IRS' voice system stems huge call overflows.
That was what happened with the Internal Revenue Service and its Tele-Tax automated information system.
Established in 1983, Tele-Tax allows access to recorded tax and refund information around the clock for touchstone callers, and during business hours for rotary dialers. In its first year, the service got 1.9 million phone calls.
That grew to 13.5 million calls in 1988 and 28 million in 1989. Last year, AT&T told the IRS that Tele-Tax was indeed the most often dialed number in the world.
With that many callers, IRS sites were getting call overflows that were causing problems for telcos. Even AT&T's central office computers couldn't handle the overflow volumes, and AT&T told the IRS it sould buy more voice processing systems or quit publicizing Tele-Tax.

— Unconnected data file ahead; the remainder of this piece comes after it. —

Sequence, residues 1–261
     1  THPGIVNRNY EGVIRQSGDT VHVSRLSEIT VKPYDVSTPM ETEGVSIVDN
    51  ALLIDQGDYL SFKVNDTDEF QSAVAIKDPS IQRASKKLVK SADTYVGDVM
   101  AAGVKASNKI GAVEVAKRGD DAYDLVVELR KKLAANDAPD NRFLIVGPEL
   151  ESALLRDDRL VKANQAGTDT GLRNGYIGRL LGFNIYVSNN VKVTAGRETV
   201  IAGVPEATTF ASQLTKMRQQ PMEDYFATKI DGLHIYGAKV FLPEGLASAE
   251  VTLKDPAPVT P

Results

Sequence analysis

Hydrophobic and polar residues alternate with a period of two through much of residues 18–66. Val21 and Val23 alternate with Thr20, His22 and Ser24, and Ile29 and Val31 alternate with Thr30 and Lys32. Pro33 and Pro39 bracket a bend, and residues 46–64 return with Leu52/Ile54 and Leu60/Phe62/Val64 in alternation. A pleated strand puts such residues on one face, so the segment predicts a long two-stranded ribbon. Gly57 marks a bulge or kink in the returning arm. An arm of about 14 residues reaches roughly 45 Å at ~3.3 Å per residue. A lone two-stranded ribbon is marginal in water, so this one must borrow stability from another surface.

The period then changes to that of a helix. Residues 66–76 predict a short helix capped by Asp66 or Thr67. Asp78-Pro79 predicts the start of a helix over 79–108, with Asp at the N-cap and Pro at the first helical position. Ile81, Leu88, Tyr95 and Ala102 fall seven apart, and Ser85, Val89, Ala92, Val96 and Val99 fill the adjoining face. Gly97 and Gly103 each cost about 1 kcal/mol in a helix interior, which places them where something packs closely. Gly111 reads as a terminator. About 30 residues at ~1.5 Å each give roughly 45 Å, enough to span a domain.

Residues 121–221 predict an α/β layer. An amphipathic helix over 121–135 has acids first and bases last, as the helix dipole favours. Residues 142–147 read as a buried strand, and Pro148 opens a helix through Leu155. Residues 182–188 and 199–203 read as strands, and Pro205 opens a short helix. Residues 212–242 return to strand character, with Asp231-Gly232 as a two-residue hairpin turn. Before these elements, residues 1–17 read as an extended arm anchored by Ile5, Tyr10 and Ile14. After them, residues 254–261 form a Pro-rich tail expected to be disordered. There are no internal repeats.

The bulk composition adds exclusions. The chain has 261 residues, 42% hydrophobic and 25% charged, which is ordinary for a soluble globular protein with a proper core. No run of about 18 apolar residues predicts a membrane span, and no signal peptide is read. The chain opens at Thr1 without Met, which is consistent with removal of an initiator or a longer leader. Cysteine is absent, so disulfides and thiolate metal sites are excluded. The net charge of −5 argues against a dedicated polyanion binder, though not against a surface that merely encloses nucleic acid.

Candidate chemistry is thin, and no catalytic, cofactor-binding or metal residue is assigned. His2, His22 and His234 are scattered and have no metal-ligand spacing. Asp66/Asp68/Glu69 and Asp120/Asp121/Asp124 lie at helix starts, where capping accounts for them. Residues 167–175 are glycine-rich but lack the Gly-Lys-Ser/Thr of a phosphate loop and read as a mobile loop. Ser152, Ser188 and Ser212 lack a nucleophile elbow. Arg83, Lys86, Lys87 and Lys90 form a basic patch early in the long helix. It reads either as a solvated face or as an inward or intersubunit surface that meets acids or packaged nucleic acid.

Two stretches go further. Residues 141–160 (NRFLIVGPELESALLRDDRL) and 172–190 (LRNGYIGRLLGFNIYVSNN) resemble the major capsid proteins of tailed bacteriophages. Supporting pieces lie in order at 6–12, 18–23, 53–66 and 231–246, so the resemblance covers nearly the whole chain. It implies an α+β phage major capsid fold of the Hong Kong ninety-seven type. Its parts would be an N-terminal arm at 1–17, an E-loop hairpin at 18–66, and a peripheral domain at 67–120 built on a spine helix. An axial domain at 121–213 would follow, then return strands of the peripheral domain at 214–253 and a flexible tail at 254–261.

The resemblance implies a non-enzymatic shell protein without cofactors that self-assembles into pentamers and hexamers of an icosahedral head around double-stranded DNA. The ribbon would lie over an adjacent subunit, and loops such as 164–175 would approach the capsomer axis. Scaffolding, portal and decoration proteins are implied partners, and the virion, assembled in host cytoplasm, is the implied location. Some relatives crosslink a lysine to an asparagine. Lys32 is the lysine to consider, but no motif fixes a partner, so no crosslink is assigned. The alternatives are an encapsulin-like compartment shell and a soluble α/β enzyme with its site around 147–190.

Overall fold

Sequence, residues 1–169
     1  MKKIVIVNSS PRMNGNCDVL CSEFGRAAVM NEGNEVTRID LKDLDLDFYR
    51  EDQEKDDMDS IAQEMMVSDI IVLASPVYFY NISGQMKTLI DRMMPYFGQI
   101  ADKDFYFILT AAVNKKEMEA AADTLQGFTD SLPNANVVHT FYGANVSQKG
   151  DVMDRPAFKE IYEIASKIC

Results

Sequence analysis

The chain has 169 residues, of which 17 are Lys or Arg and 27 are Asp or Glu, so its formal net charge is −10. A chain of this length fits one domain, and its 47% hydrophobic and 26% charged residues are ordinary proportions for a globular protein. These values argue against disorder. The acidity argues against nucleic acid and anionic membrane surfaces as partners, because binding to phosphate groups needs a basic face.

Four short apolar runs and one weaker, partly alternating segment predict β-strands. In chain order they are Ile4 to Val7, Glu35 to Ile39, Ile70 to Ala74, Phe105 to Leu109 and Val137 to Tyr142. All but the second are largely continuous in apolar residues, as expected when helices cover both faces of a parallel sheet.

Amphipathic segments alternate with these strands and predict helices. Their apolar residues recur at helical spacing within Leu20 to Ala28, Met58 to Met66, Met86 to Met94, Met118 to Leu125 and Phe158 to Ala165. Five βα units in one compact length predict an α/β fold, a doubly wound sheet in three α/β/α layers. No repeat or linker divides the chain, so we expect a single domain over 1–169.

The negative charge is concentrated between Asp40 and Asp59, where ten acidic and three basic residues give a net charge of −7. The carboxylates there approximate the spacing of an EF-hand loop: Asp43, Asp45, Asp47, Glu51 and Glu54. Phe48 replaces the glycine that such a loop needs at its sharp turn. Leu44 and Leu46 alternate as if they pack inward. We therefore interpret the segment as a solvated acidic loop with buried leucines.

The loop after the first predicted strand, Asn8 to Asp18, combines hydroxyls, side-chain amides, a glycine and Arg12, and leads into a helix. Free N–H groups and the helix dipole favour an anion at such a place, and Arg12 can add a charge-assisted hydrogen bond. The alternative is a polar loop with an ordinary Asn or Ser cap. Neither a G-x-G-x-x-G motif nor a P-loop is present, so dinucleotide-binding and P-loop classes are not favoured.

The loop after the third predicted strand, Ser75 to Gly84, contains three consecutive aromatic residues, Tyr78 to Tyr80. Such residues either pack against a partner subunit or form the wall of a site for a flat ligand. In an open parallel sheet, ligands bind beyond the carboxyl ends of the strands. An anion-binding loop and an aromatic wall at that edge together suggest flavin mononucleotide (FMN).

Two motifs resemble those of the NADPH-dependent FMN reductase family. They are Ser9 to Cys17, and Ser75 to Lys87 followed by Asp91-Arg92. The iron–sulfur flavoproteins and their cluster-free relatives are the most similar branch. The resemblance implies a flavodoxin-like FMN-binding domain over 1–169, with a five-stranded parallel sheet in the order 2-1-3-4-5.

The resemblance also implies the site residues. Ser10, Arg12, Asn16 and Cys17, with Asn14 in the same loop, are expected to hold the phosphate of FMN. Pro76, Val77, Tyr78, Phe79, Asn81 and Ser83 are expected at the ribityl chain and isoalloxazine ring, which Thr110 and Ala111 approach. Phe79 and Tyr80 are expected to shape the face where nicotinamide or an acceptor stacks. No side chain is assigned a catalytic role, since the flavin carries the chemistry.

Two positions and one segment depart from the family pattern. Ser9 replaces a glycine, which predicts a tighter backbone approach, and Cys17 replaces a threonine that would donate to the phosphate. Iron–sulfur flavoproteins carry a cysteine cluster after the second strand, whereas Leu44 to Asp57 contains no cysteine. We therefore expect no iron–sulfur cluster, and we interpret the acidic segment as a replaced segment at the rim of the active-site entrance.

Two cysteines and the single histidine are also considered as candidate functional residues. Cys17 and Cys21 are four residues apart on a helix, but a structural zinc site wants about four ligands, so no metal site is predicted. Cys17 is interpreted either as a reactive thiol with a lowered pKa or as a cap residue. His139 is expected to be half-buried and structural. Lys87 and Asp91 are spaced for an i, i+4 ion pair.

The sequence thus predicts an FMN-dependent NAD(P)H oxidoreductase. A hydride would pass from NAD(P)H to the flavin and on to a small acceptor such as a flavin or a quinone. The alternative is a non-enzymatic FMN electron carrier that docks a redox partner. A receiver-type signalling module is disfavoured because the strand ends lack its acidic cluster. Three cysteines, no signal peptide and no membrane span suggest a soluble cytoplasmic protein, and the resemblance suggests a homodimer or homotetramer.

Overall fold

Processing a refund inquiry with Tele-Tax, for instance, costs the IRS only a third as much as it does to have IRS personnel handle the call. The IRS' decision was obvious.
The agency contracted with Microlog for up to 30 48-line VCS 3500 voice processing systems over the next five years. Some have already been brought on line, and are starting to cut the number of overflows.
With the VCS 3500s, taxpayer callers can access information on topics such as IRS procedures and services, filing requirements, exemptions, types of income, deductions, and credits. By entering a Social Security number, filing status, and amount of their refund, taxpayers can check the status of their refund via an interactive voice response module.
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|Title Annotation:||Internal Revenue Service|
|Date:||Aug 1, 1990|
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